Argentine Cardinal Jorge Mario Bergoglio is the first Jesuit to be elected Pope. If you don’t know what a Jesuit is, take a brief look at Bergoglio’s life, because he has made efforts to personify the order’s virtues: humility, education, and social justice.
In Buenos Aires, Pope Francis, as he will now be known, gave up the archbishop’s palace and chauffeured limousine for a simple apartment and the city bus. The man, even at 76, cooked his own meals. To many, he was simply, “Father Jorge.” Jesuit priests take a vow of poverty, and Cardinal Bergoglio took his seriously.
Pope Francis is “an accomplished intellectual,” according to the National Catholic Reporter, playing a “leading role during the Argentine economic crisis” as a “potent symbol of the costs globalization can impose on the world’s poor.” In the 1960s, he taught literature and psychology before turning to theological studies and becoming a priest. He then returned to teach at Jesuit schools and stayed close to the local Catholic university in San Miguel even when he became an auxiliary bishop in the 1990s.
Jesuits have run schools almost since their inception in the middle of the 16th century, and now teach 2.5 million students through 3,730 educational institutions around the globe. According to Rev. Kevin O’Brien, Vice President for Mission and Ministry at Georgetown, Jesuits “control the largest (religious) system of education in the world today.”
The cornerstone of Jesuit thought, the Ignatian Spiritual Exercises, are a compilation of meditations and prayers to help people deepen their relationship with God. St. Ignatius grew up as a court playboy until his leg was crushed in battle by a cannon ball. While recuperating in a hospital, he would fantasize about women, or read the only books available to him — the Bible and another on saints. He found he was more at peace thinking about Jesus than women and, after he was fully recuperated, spent a month in a cave to focus on his new relationship with Christ. Ignatius would later write the Spiritual Exercises — a 30-day program, or one hour daily over nine months, reflecting with a spiritual director Ignatian meditations and key Scripture passages. The three phrases instilled in every Jesuit child — Ad Maiorem Dei Gloriam (“For the Greater Glory of God”), Cura Personalis (“Care of the Whole Person”) and “Finding God in All Things” — are three of the conclusions reached after the Spiritual Exercises.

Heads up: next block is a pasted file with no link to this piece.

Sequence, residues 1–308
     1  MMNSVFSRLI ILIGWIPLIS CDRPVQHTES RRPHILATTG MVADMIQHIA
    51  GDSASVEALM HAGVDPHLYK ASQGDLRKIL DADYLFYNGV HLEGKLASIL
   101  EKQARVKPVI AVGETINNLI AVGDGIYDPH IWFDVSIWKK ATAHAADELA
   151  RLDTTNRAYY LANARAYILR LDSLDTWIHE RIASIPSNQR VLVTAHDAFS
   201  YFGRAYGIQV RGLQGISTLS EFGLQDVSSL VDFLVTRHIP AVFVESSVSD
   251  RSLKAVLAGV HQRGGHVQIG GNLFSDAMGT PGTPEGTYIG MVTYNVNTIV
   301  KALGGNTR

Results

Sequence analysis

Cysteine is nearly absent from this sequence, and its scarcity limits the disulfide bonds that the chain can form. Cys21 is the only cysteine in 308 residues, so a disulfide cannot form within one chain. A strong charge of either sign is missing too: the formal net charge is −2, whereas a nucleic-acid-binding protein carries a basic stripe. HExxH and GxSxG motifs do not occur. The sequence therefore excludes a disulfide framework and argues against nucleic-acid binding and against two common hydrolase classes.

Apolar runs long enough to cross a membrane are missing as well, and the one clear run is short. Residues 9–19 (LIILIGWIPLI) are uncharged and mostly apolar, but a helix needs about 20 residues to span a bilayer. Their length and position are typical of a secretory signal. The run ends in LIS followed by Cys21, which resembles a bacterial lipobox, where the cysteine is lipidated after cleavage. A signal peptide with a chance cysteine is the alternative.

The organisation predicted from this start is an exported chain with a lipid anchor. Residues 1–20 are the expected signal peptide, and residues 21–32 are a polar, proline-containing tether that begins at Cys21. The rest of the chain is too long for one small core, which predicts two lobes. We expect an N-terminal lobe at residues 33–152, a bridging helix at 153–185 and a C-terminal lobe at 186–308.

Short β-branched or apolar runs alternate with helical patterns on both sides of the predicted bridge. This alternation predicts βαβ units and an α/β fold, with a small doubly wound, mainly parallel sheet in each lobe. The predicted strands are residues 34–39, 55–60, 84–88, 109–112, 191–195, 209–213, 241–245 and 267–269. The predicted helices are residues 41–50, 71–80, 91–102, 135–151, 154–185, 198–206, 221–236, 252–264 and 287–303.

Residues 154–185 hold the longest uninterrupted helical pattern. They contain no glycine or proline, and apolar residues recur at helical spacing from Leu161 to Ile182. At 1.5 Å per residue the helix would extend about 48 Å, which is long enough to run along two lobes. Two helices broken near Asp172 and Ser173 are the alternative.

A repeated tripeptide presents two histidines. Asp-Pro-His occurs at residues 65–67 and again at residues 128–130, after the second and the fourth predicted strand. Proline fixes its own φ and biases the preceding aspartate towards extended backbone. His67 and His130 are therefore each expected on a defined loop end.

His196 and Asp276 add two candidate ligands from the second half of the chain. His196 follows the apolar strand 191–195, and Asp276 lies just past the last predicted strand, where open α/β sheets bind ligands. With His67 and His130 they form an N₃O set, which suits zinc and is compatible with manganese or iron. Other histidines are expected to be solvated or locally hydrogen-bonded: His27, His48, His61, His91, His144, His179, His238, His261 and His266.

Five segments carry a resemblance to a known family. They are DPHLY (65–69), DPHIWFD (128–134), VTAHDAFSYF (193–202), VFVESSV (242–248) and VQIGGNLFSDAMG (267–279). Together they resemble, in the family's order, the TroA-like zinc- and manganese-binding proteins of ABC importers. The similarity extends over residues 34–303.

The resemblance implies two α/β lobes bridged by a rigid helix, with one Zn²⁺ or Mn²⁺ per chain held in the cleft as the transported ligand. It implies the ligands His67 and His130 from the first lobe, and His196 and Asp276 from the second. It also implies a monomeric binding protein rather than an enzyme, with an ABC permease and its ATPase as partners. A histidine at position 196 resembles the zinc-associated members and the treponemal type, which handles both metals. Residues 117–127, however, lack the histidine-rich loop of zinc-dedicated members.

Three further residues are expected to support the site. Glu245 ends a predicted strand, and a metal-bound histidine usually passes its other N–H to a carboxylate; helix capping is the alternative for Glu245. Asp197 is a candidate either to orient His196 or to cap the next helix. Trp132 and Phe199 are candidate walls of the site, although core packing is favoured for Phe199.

As the largest Catholic order, the Jesuits already have a great deal of influence within the faith, but that may not translate into a broad reformist mission for Pope Francis. As Rev. O’Brien says, “The Jesuits were founded to serve the Catholic Church. We’re never separate from it.” Cardinal Bergoglio holds true to party doctrine, criticizing an Argentine proposal in 2006 legalizing abortion under certain circumstances. Despite his unique background — he’s also the first Pope from the Americas — those who wish for Pope Francis to stray from the established position on issues of gay marriage and abortion will most likely be sorely disappointed.
But it will be interesting to see how Pope Francis’ background defines his future. Rev. O’Brien, while believing “it’s about time” for there to be a Jesuit Pope, realizes that the cardinals “choose the man, not the religious order.” Still, Pope Francis’s vocation to the Society of Jesus has affected his personal life, from his simplicity to his work in education. Now we will see how he will lead the 1.2 billion faithful of the Catholic Church.